Organic Broadcaster

Hail insurance provides protection, peace of mind

By Matt Oppriecht, Badgerland Financial

Hail can cause significant crop damage and economic loss. Hail insurance can help farmers face severe weather with fewer worries.

In a season marked by unusual weather, crop hail insurance protects farmers’ investment and offers peace of mind. A crop hail insurance policy provides coverage by the acre and allows farmers to insure up to 100 percent of the value of their crops against hail, fire, wind and vandalism, as well as providing coverage as grain is transported to its first place of storage. In other words, it covers more than just hail and more than your multi-peril crop insurance policy.

Most farmers don’t realize that hail coverage is inexpensive and very customizable, allowing them to choose exactly the coverage per acre they would like for each individual crop. Unlike multi-peril crop insurance, which annually has a March 15 sign-up deadline, most crop hail coverage can be secured online up to just a few hours before a storm hits. This helps give farmers peace of mind as they watch the storm roll in.

Rather than waiting for severe weather, though, most farmers purchase hail insurance from mid-April to mid-June, prior to crop emergence. However, crops can be insured any time up to the specified harvest date. Crop hail premiums are set per acre and due October 1, with a cash rate discount for premiums if paid by August 1.

I prefer to review the different hail insurance options with farmers in my area during the early spring months. This provides additional peace of mind knowing that their investment is protected prior to the hectic planting season. Plus, there is no premium difference if the product is purchased in March or in July.

A hail policy with no deductible pays losses at the first percent of loss, though crop hail insurance can be purchased with zero to 10 percent deductibles. This differs from a multi-peril policy which has at least a 15 percent deductible. An added feature of hail policies will provide replant coverage if you have an early hail storm at the time of emergence. Additional endorsements can also be elected for many hail policies to protect against things like wind damage, green snap, loss of corn fodder for bedding, replant, and extra harvest expense for harvesting a crop due to prior wind damage.

For those farmers who already have multi-peril crop insurance, a companion hail plan protects the uncovered portion of crops covered by multi-peril or crop revenue coverage. Hail insurance also protects against spotty hail damage that may not reduce yield or revenue enough to trigger a multi-peril crop insurance loss. Hail policies and multi-peril policies can also both be paid out—so if you get 100 percent loss, you can get 100 percent payout on your hail policy and up to 85 percent payout on your multi-peril policy. Losses are usually paid within 30 days of final adjustment.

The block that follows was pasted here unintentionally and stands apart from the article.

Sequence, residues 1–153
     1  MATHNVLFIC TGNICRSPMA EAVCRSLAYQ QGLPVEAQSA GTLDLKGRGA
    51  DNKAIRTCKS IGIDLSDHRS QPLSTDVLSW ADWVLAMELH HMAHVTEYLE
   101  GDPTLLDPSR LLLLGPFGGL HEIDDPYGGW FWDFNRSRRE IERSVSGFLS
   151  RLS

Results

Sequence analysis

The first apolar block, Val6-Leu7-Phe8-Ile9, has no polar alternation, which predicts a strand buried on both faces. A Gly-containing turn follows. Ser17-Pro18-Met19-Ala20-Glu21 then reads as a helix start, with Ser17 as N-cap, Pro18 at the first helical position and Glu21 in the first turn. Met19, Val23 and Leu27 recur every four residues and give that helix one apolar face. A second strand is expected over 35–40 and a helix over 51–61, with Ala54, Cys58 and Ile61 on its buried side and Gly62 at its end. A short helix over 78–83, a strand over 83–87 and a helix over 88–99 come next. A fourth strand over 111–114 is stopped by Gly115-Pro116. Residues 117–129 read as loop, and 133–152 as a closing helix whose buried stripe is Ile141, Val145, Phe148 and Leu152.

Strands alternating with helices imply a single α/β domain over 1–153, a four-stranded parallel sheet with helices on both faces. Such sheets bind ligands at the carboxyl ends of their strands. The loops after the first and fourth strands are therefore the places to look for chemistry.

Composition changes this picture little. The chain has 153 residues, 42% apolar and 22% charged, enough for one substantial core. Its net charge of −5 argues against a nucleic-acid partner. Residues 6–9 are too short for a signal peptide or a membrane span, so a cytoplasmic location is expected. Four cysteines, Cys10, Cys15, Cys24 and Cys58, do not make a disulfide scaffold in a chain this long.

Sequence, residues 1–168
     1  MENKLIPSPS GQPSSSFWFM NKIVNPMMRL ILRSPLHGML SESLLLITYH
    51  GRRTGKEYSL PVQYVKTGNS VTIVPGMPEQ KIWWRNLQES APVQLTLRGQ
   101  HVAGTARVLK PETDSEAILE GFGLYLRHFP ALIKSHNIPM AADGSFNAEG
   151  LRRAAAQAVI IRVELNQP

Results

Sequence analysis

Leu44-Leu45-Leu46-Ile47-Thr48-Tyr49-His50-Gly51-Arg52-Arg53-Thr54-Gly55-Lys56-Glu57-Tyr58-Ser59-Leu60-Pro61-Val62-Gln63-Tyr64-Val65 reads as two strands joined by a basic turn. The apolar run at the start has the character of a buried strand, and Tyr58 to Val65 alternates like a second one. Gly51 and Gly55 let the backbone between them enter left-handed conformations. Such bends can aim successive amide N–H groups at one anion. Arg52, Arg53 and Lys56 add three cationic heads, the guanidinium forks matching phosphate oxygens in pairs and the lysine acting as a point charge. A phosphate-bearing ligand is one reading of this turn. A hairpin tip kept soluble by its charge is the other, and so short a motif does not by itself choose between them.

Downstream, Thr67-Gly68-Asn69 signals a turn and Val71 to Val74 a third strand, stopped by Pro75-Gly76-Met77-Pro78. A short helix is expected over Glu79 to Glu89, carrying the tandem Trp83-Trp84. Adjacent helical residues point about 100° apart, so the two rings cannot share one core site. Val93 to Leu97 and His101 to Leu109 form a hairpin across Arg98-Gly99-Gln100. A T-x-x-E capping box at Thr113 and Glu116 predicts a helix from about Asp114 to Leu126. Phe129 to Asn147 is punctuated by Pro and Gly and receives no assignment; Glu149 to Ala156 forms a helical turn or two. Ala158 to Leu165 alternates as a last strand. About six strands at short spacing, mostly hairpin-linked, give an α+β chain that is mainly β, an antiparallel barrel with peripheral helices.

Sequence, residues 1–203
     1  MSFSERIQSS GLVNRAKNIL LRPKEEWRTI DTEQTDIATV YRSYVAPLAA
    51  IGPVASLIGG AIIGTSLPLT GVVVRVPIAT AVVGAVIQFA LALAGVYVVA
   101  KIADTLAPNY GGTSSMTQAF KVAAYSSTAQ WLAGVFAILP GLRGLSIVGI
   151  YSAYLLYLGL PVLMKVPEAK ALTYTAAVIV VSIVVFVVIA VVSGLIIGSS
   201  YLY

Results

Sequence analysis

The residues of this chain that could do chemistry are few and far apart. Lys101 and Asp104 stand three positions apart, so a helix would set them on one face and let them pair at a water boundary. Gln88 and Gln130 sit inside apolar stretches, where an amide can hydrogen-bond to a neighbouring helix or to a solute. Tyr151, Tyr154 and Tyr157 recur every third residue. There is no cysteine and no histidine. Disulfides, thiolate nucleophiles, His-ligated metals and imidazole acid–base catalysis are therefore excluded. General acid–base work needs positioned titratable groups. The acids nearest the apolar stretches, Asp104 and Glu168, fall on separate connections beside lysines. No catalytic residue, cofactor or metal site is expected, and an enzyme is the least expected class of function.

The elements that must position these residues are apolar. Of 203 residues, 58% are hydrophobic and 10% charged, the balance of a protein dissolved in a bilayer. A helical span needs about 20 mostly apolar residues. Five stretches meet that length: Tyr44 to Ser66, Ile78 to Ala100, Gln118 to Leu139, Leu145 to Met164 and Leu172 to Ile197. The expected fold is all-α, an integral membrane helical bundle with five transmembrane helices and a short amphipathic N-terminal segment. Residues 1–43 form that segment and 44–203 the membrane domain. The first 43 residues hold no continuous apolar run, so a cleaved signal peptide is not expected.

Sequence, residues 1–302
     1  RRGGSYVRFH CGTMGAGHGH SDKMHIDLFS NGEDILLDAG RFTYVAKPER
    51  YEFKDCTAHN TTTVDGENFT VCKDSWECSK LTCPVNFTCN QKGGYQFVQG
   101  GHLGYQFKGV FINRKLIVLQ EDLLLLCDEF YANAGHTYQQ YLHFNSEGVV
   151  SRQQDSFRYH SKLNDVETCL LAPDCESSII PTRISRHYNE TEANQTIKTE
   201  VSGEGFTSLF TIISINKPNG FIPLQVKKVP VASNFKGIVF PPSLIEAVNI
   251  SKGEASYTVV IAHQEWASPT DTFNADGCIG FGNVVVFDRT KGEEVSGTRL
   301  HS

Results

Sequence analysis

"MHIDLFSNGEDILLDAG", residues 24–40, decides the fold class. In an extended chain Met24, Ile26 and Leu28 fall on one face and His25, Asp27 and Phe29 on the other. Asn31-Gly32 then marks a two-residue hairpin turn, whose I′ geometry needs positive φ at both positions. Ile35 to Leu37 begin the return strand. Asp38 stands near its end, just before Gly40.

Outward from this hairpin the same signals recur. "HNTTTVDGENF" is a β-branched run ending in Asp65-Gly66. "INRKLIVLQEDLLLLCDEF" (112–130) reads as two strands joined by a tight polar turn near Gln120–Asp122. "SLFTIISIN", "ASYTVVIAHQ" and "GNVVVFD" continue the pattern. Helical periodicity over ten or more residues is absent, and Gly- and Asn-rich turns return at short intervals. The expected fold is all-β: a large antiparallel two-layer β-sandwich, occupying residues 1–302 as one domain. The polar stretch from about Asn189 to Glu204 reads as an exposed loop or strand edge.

If adverse weather events have been historically common in your area, or if damaging storms have been getting a little too close for comfort, you may want to discuss a hail insurance policy with a knowledgeable crop insurance specialist near you.

Matt Oppriecht is a Senior Crop Insurance Specialist at Badgerland Financial, a member-owned Farm Credit System institution in southern Wisconsin.

Crop Insurance Scenarios

These are real-life examples to illustrate how hail insurance can work. Rates may vary based on county, yield, provider and more factors. Sometimes organic farmers want higher coverage than company limits—since coverage is relative to the premium, sometimes these additional limits need to be requested and approved.

Multi-peril policy, premium example:

La Crosse County Corn
Farmer chooses to insure his corn at 75% revenue protection and has 60 acres of corn.
$14.73/acre premium x 60 acres = $884 premium

Assuming 85 APH (Actual Production History) and 75% revenue protection with a spring price of $7.81/bushel for organic corn, farmer would be covered for $498/acre.

Hail insurance policy, premium example:

Hail insurance is a private product, not subsidized by government and can vary by county.
La Crosse County Corn
($1/acre per $100 of coverage)

If a farmer wants $1,000 per acre coverage, premium is $10/acre.

Farmer chooses to insure for $10/acre and has 60 acres of corn.
$10/acre premium x 60 acres = $600 premium

Hail loss insurance payment example:

Insured has a hail storm come through, damaging the crop. The crop adjuster, an unbiased third party, assesses the damage at 10 percent loss on 20 acres of the crop. Loss percentages can vary per acre and for multiple events.

10% loss x $1,000 coverage/acre = $100 loss/acre

$100 loss x 20 acres damaged = $2,000 hail insurance payment

From the July | August 2015 Issue

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